Building Habitat: The Atelier des Bâtisseurs in North Africa and Beyond


Building Habitat: The Atelier des Bâtisseurs in North Africa and Beyond

In this podcast, Johanna Sluiter, PhD Candidate at the Institute of Fine Arts  at New York University, discusses the building habitat: The Atelier des Bâtisseurs in North Africa and Beyond.

In 1949, the Atelier des Bâtisseurs (ATBAT) founded their first overseas bureau in Tangiers, Morocco. Having split with their mentor, Le Corbusier, and garnered worldwide attention for their first building site, the Unité d’Habitation in Marseille, ATBAT sought to expand its practice beyond France by establishing ATBAT-Afrique, before embarking upon future plans for ATBAT-Orient and ATBAT-Amérique, to be installed in Beirut and New York, respectively. This initial work abroad would therefore serve as both a critical test and potential catalyst for the young multinational, multidisciplinary firm. It would demonstrate the ability (or lack thereof) of European-trained architects to respond to contexts defined by radically new cultures, climates, and clients than they had previously addressed or even considered, and would articulate their idea of ‘habitat’ – a comprehensive framework for universal building – in visual form. This podcast addresses methodological approaches and challenges in researching ATBAT’s theoretical and concrete developments of habitat in Morocco before tracing the afterlives of these projects in adjacent Algeria, far-flung Cambodia, and ultimately returning to the Parisian suburbs at the end of the decade.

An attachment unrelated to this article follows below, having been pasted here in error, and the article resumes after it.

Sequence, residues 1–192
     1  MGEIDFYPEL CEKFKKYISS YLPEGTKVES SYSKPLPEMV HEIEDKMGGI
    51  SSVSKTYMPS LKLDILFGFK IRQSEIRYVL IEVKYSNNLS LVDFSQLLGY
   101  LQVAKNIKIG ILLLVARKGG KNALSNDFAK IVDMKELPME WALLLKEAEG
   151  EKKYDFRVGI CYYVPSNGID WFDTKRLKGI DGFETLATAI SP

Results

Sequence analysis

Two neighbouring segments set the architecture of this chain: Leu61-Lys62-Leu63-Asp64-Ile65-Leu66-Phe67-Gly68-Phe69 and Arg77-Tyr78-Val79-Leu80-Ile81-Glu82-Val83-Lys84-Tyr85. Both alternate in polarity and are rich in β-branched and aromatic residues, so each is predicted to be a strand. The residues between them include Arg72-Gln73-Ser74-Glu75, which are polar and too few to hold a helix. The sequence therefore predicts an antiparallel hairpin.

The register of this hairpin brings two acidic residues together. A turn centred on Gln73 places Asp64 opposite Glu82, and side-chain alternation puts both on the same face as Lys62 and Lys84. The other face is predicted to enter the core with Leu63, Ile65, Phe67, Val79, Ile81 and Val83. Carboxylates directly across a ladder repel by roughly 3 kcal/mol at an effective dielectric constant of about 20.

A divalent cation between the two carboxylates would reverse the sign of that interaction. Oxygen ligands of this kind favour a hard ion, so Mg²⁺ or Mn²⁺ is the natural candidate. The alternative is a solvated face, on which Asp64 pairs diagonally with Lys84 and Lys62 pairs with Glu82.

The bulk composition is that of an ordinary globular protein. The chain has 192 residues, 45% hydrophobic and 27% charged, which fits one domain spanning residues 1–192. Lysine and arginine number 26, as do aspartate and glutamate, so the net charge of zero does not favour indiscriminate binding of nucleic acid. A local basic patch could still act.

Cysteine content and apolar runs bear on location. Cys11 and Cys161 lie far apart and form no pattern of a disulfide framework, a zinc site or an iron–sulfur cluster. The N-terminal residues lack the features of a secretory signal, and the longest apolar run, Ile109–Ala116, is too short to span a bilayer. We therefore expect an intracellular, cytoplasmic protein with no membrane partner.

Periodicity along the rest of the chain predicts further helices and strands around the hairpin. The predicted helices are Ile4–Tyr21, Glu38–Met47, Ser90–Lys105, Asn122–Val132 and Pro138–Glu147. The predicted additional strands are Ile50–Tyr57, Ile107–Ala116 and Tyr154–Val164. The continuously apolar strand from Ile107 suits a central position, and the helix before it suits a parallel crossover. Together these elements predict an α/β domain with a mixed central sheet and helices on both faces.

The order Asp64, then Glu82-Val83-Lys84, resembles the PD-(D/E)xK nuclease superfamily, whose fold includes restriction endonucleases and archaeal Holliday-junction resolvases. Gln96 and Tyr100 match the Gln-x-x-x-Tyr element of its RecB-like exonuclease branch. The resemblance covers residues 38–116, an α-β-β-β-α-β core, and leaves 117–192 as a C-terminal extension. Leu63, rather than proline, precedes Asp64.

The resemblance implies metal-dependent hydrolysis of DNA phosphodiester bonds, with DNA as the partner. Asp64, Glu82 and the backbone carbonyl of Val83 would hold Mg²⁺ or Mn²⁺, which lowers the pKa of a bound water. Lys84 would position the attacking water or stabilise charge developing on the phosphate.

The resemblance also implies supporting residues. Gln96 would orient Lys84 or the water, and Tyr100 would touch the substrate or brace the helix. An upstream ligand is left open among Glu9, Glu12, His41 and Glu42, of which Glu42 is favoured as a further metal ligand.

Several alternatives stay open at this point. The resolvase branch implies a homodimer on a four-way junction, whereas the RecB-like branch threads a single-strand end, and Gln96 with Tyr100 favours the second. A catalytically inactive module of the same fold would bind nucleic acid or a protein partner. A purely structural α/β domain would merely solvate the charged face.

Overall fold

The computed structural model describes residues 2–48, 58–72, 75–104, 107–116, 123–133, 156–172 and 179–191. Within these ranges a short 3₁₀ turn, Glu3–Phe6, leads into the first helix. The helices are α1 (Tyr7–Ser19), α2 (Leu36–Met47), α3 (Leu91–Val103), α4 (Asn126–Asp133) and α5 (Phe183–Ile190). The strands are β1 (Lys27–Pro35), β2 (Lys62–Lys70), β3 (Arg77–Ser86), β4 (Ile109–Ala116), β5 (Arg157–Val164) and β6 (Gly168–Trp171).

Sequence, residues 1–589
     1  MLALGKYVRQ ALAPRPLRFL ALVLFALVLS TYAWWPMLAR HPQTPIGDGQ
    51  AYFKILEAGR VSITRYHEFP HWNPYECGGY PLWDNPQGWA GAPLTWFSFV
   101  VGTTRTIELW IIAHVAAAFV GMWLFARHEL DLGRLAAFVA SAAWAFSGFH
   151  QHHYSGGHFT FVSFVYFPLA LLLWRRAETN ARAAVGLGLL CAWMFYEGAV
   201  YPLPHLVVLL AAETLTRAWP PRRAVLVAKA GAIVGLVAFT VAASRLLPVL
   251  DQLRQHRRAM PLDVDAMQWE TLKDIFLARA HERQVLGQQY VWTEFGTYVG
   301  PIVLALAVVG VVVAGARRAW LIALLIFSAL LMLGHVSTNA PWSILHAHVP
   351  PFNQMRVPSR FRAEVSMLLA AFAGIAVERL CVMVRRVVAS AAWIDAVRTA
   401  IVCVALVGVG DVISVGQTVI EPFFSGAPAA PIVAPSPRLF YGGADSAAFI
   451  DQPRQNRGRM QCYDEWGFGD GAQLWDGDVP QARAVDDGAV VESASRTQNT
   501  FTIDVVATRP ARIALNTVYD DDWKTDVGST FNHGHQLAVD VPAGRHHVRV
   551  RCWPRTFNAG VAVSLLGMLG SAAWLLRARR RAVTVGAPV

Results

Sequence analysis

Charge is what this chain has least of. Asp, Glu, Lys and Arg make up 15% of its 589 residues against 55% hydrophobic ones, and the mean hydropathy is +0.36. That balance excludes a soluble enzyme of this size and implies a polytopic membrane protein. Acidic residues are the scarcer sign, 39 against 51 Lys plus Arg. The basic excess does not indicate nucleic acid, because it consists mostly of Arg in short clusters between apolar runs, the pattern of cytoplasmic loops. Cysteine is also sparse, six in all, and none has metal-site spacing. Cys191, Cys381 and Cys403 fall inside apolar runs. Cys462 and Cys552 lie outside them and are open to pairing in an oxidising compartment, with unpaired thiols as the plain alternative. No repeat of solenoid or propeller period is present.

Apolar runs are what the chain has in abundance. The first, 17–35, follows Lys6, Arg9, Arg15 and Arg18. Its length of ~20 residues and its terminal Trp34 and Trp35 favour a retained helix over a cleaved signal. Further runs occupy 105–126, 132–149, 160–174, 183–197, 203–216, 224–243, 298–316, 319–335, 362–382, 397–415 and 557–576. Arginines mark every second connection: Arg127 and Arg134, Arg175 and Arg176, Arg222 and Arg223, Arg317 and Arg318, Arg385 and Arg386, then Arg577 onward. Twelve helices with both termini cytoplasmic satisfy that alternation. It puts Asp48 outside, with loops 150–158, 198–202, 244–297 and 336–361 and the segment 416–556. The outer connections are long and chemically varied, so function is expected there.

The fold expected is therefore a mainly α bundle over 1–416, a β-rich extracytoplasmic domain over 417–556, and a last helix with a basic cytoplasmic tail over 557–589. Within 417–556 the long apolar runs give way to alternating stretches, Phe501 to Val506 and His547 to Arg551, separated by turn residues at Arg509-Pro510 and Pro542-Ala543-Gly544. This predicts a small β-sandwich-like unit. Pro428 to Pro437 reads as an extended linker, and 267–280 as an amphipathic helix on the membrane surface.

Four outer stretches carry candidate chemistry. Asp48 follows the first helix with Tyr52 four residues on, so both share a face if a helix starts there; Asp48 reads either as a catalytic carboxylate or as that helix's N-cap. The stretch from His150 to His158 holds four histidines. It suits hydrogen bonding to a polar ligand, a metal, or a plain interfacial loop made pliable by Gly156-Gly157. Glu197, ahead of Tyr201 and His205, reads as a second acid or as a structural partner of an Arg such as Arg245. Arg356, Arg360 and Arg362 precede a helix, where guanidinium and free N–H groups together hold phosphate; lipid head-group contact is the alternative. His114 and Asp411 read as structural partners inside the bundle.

Johanna Sluiter is writing a dissertation on the Atelier des Bâtisseurs and the development of habitat in post-war architecture. She is currently an associate researcher at the École Normale Supérieure d’Architecture Belleville in Paris and a Chester Dale Fellow at the National Gallery of Art in Washington, D.C.

TALIM Director John Davison moderated the discussion for this podcast, which was recorded on 21 February 2020, at the Tangier American Legation and Institute for Moroccan Studies (TALIM), in Tangier, Morocco. 

Download the Podcast:  Feed iTunes / Podbean

Posted by Hayet Lansari, Librarian, Outreach Coordinator, Content Curator (CEMA).

Suggested Bibliography

Bodiansky, V. 1955.  Charte de l’Habitat du cercle d’études architecturales. Paris: UNESCO.

Smithson, P. & Smithson, A. 1955. “Collective Housing in Morocco” Architectural Design. 25 : 2-8.

Tournon-Branly, M. 1965. “History of ATBAT and its Influence on French Architecture” Architectural Design. 35: 20-24.

Avermaete, T. & Casciato, M. 2014. Casablanca, Chandigarh: A Report on Modernization. Montreal: Canadian Centre for Architecture. Zurich: Park Books.

Cohen, J. 1992. “The Moroccan Group and the Theme of Habitat”. Rassegna. 14. 52 : 58-67.

Cohen, J. & Eleb, M. 1998. Casablanca: Mythes et figures d’une aventure urbaine. Paris: Hazan. 

Cohen, J. et al. 2003. Alger: paysage urbain et architecture, 1800-2000. Paris: Éditions de l’Imprimeur.

Henni, S. 2017. Architecture of Counterrevolution: The French Army in Northern Algeria. Zurich: gta Verlag.

Rabinow, P. 1989. French Modern: Norms and Forms of the Social Environment. Cambridge: MIT Press.


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